of expression: The changing dimensions!
Sherawat said her behind is “1 of a kind”
on Twitter and got away with it. With absolutely
no obscenity charges! (Let’s forget for a
while about the charges she had to face for having
worn that barely-there fishnet outfit during the
Dasavatharam event in Chennai). Kushboo said ‘premarital
sex is okay as long as both the parties involved
in it are conscientious. And the result: she was
slapped with 22 criminal cases for having been sacrilegious
against the sacred institute of marriage.
Kushboo is finally freed by the Supreme Court against
all her pending cases after four years of incessant
fighting, court hearings and tongue lashing by the
self-proclaimed moral police brigade. But I begin
to wonder, would the same comment have made the
same impact if it was made on a social networking
site like Twitter where everyone slings mud on everybody
and wash their dirty linen in public?
It might not have. For one, the internet has made
everything possible from freedom of expression to
toppling the ministerial posts over at just the
click of a mouse (or the ‘tweet’ button
perhaps). As harmless as the entire idea might
those ‘140 word updates’ are capable of really
creepy things – like blowing the whistle on personalities,
From a place for over-enthused celebrities who want to
show off how enviable their life style is, Twitter has
come a long way in providing regular updates for the celeb-hungry
in the cyberspace. There is no need to wait for the movie
magazines or websites or even bloggers to dish up those
juiciest gossips about celebrities. All you need to do
is to follow the endless list of stars according to your
preference and the stars do it themselves.
You probably wouldn’t find instant info anywhere
else about Priyanka and Genelia’s location updates,
Shahrukh’s four dogs, Gul Panag’s craze for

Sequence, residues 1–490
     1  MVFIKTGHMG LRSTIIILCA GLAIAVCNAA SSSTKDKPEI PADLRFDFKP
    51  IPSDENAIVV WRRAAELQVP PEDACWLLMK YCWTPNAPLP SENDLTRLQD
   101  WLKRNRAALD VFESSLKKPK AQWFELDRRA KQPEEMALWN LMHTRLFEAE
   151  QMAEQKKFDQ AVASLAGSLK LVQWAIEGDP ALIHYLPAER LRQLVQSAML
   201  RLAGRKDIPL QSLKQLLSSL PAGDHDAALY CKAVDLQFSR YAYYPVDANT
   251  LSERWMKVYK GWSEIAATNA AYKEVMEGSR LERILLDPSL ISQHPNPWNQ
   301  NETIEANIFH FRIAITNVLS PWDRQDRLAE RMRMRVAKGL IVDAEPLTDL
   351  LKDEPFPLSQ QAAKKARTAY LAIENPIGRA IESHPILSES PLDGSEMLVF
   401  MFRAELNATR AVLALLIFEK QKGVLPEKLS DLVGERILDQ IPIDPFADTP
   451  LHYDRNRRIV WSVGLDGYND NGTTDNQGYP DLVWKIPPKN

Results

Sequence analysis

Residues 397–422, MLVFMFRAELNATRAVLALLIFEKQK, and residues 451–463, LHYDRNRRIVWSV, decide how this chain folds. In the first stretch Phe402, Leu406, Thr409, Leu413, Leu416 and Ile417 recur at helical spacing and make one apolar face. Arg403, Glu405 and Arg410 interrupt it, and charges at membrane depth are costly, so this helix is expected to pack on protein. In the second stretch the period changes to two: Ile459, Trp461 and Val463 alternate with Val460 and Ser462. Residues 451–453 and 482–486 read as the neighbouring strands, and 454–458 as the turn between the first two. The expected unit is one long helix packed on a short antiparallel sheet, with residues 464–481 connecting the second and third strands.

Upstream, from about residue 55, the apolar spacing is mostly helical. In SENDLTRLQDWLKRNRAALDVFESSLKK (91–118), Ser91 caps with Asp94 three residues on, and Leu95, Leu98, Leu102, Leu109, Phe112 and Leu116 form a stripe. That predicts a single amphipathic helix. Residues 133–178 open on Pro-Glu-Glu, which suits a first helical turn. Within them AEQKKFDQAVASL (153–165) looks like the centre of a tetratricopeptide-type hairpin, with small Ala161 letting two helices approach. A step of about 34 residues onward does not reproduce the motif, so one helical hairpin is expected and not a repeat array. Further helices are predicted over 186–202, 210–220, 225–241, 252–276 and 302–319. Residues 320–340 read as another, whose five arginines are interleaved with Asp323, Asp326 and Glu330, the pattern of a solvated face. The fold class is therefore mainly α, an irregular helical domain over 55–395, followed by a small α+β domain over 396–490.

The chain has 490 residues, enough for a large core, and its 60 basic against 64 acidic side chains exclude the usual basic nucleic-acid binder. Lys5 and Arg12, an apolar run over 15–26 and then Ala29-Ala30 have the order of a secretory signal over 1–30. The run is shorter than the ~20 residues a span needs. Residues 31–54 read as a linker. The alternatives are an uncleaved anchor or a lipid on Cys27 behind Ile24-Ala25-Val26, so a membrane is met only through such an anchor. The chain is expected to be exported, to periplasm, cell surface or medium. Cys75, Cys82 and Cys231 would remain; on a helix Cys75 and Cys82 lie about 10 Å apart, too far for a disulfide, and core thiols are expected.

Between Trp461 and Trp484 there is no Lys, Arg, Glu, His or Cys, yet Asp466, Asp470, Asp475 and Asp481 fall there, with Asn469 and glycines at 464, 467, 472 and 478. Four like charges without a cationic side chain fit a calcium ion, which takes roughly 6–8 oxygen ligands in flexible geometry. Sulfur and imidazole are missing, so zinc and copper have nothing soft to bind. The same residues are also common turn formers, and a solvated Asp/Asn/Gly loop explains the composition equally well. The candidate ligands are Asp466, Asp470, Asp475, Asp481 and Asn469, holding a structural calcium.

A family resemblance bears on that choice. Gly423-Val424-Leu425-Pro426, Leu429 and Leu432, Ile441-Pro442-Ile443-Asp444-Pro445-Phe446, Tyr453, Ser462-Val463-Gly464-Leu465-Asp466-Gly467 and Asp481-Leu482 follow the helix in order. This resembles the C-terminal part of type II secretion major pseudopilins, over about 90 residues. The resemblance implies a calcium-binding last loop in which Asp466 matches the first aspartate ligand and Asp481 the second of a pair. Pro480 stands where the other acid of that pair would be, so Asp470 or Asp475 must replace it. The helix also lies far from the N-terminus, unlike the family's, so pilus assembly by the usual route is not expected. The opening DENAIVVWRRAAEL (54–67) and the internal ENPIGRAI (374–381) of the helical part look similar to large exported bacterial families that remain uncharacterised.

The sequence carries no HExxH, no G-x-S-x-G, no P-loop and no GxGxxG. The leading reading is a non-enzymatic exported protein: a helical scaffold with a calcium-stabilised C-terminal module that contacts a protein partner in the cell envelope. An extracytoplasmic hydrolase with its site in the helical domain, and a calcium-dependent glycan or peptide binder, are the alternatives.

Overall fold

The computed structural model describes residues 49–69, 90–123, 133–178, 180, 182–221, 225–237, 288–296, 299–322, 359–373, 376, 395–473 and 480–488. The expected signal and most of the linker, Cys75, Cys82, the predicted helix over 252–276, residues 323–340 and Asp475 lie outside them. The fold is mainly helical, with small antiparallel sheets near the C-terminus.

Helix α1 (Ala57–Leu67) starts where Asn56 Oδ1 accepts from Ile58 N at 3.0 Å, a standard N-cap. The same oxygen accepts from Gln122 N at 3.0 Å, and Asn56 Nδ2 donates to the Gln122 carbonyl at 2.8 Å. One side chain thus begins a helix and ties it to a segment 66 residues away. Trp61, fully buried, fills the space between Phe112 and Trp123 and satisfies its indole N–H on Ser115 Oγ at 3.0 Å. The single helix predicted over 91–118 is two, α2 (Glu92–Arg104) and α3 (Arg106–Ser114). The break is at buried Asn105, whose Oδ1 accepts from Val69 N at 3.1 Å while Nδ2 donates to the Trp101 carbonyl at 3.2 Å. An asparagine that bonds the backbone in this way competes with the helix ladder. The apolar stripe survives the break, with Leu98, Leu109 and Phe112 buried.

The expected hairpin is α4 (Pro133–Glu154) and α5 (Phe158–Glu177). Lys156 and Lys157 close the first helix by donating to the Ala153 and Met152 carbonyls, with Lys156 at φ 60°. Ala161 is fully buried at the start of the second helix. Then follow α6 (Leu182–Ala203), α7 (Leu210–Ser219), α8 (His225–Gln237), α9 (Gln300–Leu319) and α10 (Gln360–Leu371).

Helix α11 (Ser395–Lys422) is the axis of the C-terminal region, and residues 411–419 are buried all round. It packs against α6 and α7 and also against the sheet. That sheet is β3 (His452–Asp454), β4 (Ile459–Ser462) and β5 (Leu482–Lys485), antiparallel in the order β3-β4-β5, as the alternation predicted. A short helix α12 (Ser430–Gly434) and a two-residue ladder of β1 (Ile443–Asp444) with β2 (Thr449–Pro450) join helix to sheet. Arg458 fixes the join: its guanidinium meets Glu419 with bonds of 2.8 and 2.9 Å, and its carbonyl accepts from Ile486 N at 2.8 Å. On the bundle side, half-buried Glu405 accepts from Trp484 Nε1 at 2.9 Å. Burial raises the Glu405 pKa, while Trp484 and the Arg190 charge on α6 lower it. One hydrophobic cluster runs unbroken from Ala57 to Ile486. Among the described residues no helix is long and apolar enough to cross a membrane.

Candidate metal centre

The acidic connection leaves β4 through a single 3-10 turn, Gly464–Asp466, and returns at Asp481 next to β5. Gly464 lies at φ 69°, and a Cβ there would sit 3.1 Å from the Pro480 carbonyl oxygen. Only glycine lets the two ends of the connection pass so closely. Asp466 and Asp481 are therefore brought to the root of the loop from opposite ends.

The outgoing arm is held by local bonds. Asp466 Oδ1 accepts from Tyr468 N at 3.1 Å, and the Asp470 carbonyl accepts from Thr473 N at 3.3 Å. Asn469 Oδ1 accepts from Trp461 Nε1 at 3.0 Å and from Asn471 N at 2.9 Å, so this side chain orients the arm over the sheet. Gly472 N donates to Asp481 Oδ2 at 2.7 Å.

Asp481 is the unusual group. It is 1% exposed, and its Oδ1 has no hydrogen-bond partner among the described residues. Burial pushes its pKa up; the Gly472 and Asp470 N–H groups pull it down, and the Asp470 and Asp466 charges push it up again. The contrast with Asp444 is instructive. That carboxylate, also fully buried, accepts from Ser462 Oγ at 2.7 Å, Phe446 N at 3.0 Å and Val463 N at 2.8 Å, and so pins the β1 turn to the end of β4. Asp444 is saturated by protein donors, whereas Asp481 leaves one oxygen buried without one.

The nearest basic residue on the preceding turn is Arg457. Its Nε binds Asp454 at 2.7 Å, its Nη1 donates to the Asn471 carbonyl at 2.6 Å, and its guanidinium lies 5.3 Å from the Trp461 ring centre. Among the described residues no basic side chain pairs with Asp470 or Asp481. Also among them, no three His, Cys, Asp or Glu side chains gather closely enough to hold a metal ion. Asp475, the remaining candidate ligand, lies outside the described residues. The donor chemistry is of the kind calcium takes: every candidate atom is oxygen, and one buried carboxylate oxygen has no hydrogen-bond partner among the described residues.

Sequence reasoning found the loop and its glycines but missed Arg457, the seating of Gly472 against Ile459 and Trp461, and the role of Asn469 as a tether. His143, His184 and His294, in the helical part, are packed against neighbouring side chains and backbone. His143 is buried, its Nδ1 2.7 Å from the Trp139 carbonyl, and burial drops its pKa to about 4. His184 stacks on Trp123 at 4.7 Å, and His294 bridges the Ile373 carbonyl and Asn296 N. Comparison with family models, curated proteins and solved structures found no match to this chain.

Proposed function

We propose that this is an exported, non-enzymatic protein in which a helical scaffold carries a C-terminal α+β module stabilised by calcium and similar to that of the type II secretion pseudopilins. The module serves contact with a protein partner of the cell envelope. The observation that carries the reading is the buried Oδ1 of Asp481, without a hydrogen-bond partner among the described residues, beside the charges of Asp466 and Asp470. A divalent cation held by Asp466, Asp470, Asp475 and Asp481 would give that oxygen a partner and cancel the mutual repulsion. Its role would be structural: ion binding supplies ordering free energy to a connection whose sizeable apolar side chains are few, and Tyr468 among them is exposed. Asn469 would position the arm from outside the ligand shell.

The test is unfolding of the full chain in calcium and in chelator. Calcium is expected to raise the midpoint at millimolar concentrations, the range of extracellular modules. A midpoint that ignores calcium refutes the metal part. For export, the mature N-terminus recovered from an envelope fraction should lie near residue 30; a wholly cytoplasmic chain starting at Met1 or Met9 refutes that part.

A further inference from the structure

bikes, Sonam’s instant film reviews, Farhan’s
film promotional updates or the self-styled diva Mallika’s
high profile dinner dates with Hollywood celebs. And it
also provides infinite source of news for the media, in
general. Tweets have become an integral part of voicing
and seeking opinions. While some celebrities use it as
a way to express their solidarity over pressing issues
(Gul ranks first in this), others are mostly trivial updates
– ranging from mundane weather updates to RTs (re-tweets).
The internet, as a medium of communication, has shifted
into overdrive mode providing innumerable choices for
the news-hungry ‘us’. Emails were outdone
by social networking sites and blogs, which are being
fast outdone by the shortest form of social networking
What started as a social networking phenomenon, Twitter
has snowballed into something humungous - the growth of
which is beyond anybody’s prediction. The overwhelming
need to be in the scheme of things is addictive and Twitter
cashes in on exactly that.
Of all the other things, Twitter might pronounce a death
sentence to the film media, silently. The need of a third
party in delivering film news will fast become history,
especially when you can get all those news updates and
much more tidings from the celebrities themselves.
I wonder whether Kushboo would like to join the Twitter
Be that as it may. Don’t forget to hail the internet.
We now have unrestricted freedom of expression - something
that we found was often lacking, the hard way, even in
the democratic set up.
Behindwoods is not responsible for the views of columnists.